President Trump’s “shithole countries” comment last Thursday continued to rock Washington, DC this week. The president’s outburst, made in the midst of negotiations over immigration reform, has affected everything from international relations to medical marijuana.
A deal on DACA is key to the passage of a federal budget. MMJ protections live inside that budget. And Trump's comment blew up the DACA deal.
Yes, medical marijuana. Trump’s comments effectively blew up a fragile deal on DACA, the Deferred Action for Childhood Arrivals program that affects the immigration status of 800,000 people currently in the United States. The DACA deal was to be the linchpin of the entire federal omnibus budget bill, scheduled for a vote this coming Friday, Jan. 19.
The Rohrabacher-Blumenauer amendment, which prevents the Justice Department from prosecuting patients and caregivers in states that have legalized medical marijuana, depends on the passage of that same federal budget. It’s not a standalone law, it’s a spending measure—it prevents the Justice Department from spending any money on medical marijuana prosecutions.
Budget Set to Expire on Jan. 19
Rohrabacher-Blumenauer protections are written into the current federal budget, but that budget runs out of money on Jan. 19. If congressional leaders can’t find agreement and pass a budget, the federal government may face a shutdown similar to the one forced by House Republicans in 2013. Congress has already passed several continuing resolutions, which keep the federal government open at 2017 budget levels, and leaders are considering yet another continuing resolution that would push the issue into late February.
The current protections will remain only as long as a continuing resolution is in place.
Republicans don’t have enough votes to do that without Democratic support. They need at least nine Senate Democrats to vote in favor of any funding measure. And those votes might not be there.
As the Washington Post reported earlier this morning, “GOP leaders are now turning to a short-term funding measure in hopes of keeping agencies open while talks continue, but Democratic leaders say they are unlikely to support any deal that does not protect young illegal immigrants.”
Kicking It Down the Road, Again
If that continuing resolution is adopted, there will be no vote on the amendment itself, which would temporarily remain in place, according to sources in Rep. Earl Blumenauer’s office. The amendment is currently included in the broader funding bill that is currently in effect. It was maintained in December when Congress passed the last continuing resolution to extend the funding bill to January 19.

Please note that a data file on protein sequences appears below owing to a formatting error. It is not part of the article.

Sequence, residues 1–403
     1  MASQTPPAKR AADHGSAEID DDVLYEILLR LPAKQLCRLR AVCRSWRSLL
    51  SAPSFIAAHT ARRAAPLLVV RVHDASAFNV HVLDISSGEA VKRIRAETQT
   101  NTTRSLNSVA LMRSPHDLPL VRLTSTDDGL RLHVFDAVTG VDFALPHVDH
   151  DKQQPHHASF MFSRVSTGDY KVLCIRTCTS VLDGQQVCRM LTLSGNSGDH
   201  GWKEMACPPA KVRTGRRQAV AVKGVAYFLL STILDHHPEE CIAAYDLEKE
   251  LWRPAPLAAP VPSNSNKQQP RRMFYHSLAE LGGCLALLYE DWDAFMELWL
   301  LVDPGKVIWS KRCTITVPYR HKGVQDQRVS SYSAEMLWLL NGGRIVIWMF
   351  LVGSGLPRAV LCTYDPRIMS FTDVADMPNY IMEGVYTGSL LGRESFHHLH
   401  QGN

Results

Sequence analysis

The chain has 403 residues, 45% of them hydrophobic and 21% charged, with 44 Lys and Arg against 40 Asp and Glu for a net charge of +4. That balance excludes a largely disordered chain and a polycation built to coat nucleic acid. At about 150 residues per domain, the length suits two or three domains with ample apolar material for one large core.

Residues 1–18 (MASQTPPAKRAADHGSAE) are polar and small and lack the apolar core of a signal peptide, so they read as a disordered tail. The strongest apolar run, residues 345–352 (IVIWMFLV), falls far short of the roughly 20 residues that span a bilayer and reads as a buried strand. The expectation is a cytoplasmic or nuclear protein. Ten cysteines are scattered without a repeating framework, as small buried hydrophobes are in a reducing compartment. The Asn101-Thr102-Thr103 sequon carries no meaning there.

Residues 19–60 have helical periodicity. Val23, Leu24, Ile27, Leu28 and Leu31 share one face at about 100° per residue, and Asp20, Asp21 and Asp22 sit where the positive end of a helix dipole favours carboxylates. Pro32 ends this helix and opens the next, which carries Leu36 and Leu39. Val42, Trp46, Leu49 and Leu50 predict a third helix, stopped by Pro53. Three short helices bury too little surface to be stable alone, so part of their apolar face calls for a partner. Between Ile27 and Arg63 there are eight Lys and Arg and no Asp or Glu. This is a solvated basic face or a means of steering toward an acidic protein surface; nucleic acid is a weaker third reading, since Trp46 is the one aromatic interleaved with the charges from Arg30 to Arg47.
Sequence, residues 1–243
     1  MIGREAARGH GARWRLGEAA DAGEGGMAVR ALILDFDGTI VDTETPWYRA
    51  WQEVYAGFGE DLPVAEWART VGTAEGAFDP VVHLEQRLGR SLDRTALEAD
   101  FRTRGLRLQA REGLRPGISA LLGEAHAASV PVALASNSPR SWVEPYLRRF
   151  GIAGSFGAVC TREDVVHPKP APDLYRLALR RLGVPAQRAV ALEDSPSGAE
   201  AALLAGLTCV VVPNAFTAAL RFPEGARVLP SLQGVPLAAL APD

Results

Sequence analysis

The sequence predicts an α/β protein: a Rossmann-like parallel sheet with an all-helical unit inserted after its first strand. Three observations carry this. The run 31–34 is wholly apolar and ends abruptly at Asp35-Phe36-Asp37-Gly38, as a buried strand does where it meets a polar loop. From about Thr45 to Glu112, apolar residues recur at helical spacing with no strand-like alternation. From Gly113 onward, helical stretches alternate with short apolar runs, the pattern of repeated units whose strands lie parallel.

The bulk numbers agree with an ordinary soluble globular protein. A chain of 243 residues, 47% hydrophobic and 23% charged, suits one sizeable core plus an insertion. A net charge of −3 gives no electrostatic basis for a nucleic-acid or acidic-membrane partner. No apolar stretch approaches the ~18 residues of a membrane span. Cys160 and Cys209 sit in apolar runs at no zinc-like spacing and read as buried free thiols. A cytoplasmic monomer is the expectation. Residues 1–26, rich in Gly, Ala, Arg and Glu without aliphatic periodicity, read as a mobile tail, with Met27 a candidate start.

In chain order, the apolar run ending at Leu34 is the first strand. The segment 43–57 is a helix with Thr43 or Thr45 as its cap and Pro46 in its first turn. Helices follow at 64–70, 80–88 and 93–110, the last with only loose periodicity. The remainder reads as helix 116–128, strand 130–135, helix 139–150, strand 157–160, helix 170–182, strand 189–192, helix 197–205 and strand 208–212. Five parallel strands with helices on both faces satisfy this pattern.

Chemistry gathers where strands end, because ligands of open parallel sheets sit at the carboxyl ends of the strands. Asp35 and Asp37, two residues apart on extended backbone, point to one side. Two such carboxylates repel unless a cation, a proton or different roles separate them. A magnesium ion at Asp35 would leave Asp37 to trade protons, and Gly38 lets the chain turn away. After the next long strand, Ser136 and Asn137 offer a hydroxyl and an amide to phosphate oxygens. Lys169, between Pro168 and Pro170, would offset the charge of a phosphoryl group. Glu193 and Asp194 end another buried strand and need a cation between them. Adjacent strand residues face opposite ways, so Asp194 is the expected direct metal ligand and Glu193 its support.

Currently there’s no consensus between Democrats and Republicans if the January 19 deadline will mean a continuing resolution for just a couple of months, or a longer term deal—perhaps even a yearlong continuing resolution—that funds the government for a year.
“Congressman Blumenauer is working to maintain R-B in whatever funding bill Congress votes on next,” a staffer in Blumenauer’s office wrote in a response to Leafly’s emailed questions. “At this rate, it’s likely that they will do another continuing resolution—though, who really knows.”
Four Years of Protection
For four years, the Rohrabacher-Blumenauer amendment (formerly known as the Rohrabacher-Farr amendment before Rep. Sam Farr (D-CA) retired) has kept patients and the medical cannabis industry in an uneasy but safe space mostly free from federal prosecution.
The Rohrabacher-Blumenauer amendment must be re-authorized with every new federal budget.
Each time Congress has to renew the amendment, patient advocates and industry insiders hold their collective breath and hope for the best.
The vote to continue the amendment, even when passed, hasn’t always gone well. In June, 2015, when Representative Dana Rohrabacher presented the bill for discussion in the House (it passed 242-186 for only the second time in nine tries, with more than twice as many Democrats as Republicans voting for it), there were serious objections from other Congressmen who have yet to temper their beliefs on the issue.
“Let me say, first of all, this whole idea of medical marijuana is a big joke,” Rep. John Fleming (R-LA-04) said at the time (Fleming was recently appointed deputy assistant secretary for Health Information Technology Reform in 2017). “It is an end run around the laws.”
That comment was followed by Representative Bob Goodlatte (R-VA-06), the chairman of the House Committee on the Judiciary: “Statistics show that 78 percent of the 2.4 million people who began using marijuana last year were aged 12 to 20,” he said. “There is little doubt that this drug poses a significant danger to our children, and I urge a ‘no’ vote on this amendment.”
Pete Sessions Blocked the House Version
So there are stalwart enemies fighting against the amendment and, well, anything could happen. Like it did on Sept. 6, 2017.